The contention is not tenable that the mortgagor must pay the principal and all of the usurious interest, then be required to bring separate action or actions for the recovery of the usurious interest so paid. As a matter of fact there is and was no interest due and consequently all payments made were applied upon the principal debt. So far as the application of this rule is concerned the law of this jurisdiction is the same as it was when announced in Madsen v. Whitman, 8 Idaho 762, 767, 71 Pac. 152, and the provisions of C. S., sec. 2554, have not modified that rule, that where the transaction was clearly usurious the so-called premium and usurious interest will be deducted from the principal. ( Cleveland v. Western Loan etc. Co., 7 Idaho 477, 63 P. 885.)
In United States B. L. Assn. v. Lanzarotti, supra, it was held that C. S., sec. 2554, does not give the right to a second mortgagee as such to recover or offset previous interest payments. It would follow that the statute did give the right to the original mortgagor to recover or offset previous interest payments made by him.
Under the provisions of C. S., sec. 2554, the taking, receiving, reserving or charging a rate of interest greater than is allowed by statute, when knowingly done, constitutes a forfeiture of the entire interest. There was no lien created against which usurious interest could be satisfied. That portion of the contract providing for the payment of interest became a dead letter; it gave no rights, it fixed no liability. ( Madsen v. Whitman, supra.)
It is urged the trial court erred in holding that respondents were entitled to recover $100 penalty for the refusal upon proper notice and demand to cancel the mortgage of record. C. S., sec. 6369, provides inter alia:
"Any mortgagee . . . . who refuses to execute, acknowledge, and deliver to the mortgagor, the certificate of discharge, or to enter satisfaction or cause satisfaction of the mortgage to be entered, as provided in this chapter, is liable to the mortgagor or his grantee or heirs, for all damages which he or they may sustain by reason of such refusal, and shall also forfeit to him or them the sum of $100."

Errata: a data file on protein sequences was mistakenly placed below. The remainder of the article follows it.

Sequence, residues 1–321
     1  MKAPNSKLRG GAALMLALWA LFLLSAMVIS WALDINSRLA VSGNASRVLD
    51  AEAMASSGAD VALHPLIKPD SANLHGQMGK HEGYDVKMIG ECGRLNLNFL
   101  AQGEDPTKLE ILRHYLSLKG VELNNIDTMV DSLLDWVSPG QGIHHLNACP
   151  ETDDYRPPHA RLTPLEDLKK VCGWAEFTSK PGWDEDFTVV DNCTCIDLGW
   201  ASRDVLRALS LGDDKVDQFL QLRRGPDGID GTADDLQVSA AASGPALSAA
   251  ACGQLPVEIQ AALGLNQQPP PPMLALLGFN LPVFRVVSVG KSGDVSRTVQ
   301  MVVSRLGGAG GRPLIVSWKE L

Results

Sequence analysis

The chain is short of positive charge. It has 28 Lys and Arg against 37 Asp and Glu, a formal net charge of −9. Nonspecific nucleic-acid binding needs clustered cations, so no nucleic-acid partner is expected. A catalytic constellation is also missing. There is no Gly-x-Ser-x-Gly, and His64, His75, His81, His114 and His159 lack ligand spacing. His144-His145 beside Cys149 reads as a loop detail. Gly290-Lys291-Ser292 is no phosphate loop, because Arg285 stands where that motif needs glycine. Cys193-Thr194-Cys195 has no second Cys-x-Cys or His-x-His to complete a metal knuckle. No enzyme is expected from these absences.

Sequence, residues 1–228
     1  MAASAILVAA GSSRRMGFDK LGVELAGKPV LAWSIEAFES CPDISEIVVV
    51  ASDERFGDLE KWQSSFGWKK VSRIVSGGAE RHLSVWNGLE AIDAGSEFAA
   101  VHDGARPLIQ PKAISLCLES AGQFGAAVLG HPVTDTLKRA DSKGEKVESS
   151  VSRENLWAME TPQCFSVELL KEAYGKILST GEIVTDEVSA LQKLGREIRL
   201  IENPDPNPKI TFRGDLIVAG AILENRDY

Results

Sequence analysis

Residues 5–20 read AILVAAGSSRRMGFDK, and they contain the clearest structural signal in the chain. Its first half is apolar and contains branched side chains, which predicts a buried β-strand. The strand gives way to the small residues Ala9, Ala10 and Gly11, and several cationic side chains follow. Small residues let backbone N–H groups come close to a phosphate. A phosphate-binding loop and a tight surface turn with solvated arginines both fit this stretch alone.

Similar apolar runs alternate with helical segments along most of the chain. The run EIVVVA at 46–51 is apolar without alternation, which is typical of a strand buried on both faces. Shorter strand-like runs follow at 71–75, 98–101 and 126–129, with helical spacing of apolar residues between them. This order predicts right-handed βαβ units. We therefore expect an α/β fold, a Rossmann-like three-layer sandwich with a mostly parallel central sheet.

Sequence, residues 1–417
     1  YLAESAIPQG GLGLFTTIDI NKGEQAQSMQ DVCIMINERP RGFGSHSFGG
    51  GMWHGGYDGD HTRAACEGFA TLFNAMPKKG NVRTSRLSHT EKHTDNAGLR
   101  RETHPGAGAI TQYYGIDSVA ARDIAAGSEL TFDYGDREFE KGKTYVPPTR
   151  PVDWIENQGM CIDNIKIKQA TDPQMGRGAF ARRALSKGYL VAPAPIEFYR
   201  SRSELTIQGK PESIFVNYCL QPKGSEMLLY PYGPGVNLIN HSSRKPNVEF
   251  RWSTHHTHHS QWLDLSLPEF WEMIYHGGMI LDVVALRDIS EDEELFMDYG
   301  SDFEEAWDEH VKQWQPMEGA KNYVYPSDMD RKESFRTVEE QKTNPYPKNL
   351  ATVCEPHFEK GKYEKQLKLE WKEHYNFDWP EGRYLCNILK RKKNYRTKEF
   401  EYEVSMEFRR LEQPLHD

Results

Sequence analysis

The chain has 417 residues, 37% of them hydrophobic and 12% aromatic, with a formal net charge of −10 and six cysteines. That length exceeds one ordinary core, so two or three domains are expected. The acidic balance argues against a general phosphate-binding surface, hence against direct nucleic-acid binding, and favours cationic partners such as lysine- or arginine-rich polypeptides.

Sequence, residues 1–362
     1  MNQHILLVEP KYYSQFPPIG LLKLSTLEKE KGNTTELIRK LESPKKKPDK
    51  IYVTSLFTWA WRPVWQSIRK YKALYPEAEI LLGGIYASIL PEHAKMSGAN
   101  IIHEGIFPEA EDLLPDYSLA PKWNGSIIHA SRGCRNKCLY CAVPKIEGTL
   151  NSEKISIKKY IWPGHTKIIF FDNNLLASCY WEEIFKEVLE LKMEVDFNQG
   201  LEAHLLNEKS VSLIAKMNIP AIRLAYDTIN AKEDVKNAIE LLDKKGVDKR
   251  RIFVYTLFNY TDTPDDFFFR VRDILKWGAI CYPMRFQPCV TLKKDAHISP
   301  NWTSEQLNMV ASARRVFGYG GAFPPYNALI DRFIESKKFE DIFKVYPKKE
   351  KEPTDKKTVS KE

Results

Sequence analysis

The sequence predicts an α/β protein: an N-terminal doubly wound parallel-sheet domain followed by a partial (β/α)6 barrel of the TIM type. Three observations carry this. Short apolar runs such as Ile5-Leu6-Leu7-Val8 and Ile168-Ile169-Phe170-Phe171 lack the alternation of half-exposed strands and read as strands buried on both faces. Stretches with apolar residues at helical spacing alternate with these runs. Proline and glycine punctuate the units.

The principal debt having been paid it was the duty of the mortgagee to satisfy the mortgage. The statute fixes the liability for refusal so to do. ( Blackfoot State Bank v. Crisler, 20 Idaho 379, 118 P. 775, and cases therein cited.)
Error is also sought to be predicated upon the action of the court in finding and concluding that respondents are entitled to recover $400 as damages. C. S., sec. 6369, supra, provides that any mortgagee who refuses to cause satisfaction of the mortgage to be entered when fully paid shall be liable to the mortgagor for all damages sustained by reason of such refusal. Attorney's fees incurred as the result of necessity of bringing action to compel cancelation of the mortgage are recoverable as damages. (2 Jones on Mortgages, 8th ed., p. 765, citing Kelly v. Narregang Inv. Co., 41 S.D. 222, 170 N.W. 131.)
The contract was properly construed under the laws of this jurisdiction. As was said in United States B. L. Assn. v. Lanzarotti, supra:
"This court stands committed to the rule that this being purely an action in rem, and the enforcement of the claim being only maintainable in Idaho, it cannot be contended that the intention of the parties was that the laws of Montana should obtain in the construction of the contract."
We are convinced that the judgment is correct and should be affirmed. It is so ordered; costs awarded to respondents.
Givens, C.J., and Lee, Varian and McNaughton, JJ., concur.